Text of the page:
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Saturday, 20 November 2010

Eternal Sunshine of the Spotless Mind (2004)

There are some films which most people rave about which have left me on the chilly side of cold and I begin to wonder what is the matter with me. So I watched this Oscar-winning flick again (best original screenplay for Charlie Kaufman plus a best actress nom for Kate Winslet) and I remained unenchanted by it the second time around as well.

I can understand why it has its fans and why it is considered amongst the best films of the decade. Based on a quotation from Alexander Pope praising the blissfulness of an empty mind, free from all disturbing memories, we can all recall painful loves and losses and dream of being liberated from such distractions. However, this is to deny life with its many ups and downs. After a fight with boyfriend Jim Carrey, Winslet approaches Tom Wilkinson's Lacuna Corp. to wipe her memory of their relationship and to enable her to start afresh. When she no longer recognises the lovelorn Carrey and has taken up with a new, younger beau, he too opts for the Lacuna treatment. However in the midst of losing the bad memories, Carrey realises that there are so many deep-rooted happy times that he would want to recall that he tries to prevent their inevitable destruction.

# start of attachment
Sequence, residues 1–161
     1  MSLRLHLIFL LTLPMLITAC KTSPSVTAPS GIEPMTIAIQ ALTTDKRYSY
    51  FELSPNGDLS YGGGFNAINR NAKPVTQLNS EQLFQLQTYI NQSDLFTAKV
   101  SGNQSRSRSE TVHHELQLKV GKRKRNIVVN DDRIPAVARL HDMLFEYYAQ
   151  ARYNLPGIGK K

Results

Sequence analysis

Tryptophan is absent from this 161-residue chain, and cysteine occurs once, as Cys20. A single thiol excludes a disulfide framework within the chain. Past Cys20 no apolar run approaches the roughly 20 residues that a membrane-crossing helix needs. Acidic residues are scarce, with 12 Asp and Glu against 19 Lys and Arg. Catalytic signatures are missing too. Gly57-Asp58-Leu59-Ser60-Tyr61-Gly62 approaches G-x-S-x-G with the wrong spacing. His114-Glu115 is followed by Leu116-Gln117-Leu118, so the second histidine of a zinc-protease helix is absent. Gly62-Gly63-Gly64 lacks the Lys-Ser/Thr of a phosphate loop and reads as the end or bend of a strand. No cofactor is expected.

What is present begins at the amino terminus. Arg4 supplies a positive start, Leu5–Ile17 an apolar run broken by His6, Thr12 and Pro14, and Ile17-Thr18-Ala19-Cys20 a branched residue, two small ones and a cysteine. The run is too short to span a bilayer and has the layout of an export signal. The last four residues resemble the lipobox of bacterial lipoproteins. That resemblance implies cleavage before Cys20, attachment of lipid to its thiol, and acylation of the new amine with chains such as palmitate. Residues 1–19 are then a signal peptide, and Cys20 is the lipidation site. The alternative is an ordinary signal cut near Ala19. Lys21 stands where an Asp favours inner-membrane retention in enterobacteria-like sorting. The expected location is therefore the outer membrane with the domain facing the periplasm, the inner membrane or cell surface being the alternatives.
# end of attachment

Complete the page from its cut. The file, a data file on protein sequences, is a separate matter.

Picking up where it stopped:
With its non-linear structure -- the end of the film is actually at the beginning, but it takes the viewer a while to understand this -- the movie is self-consciously quirky and one struggles to follow the story. That in itself is fine, as one can use the colour of Winslet's messy hair -- she favours outlandish shades of green, blue, and red -- to pinpoint the actual times and sequence of the action. However well-done the film's dreamlike meandering might be, I for one did not care, as I found most of the characters annoying. In particular Lacuna's staff of Kirsten Dunst, Elijah Wood, and current flavour-of-the-month Mark Ruffalo were on balance both aggrevating and took up too large a chunk of the action. The latter, with his unwashed appearance, cavorting nakedly with Dunst whilst supposedly monitoring Carrey, verged on the nauseating. And as for the gormless Wood stealing both Winslet's underpants and many of Carrey's memories to woo her, ugh with a capital U. Oddly enough, the un-Oscar nominated Carrey probably gave one of the best performances of his career as the needy, nerdy Joel.

Writer Kaufman has produced some interesting scripts and director Michel Gondry is also a talent to admire, but I still find it nearly impossible to share the admiration that this movie instilled in so many other viewers. Between them, I think, they pulled the wool over some easily distracted eyes.

As a footnote and possibly to prove that at heart I'm a cinematic philistine at times, yesterday I watched Gerard Butler in 2009's "Law-Abiding Citizen". While not delving the same convoluted depths as "Sunshine...", but nearly as preposterous, I found it the more watchable movie. I don't normally like Butler, but he was surprisingly good here, when he was not trying to play a muscled hero or a frothy rom-com love interest. I found myself rooting for his good-guy turned bad-guy to win, even if movie convention left victory to Jamie Foxx's unlikeable 'hero' (not!).
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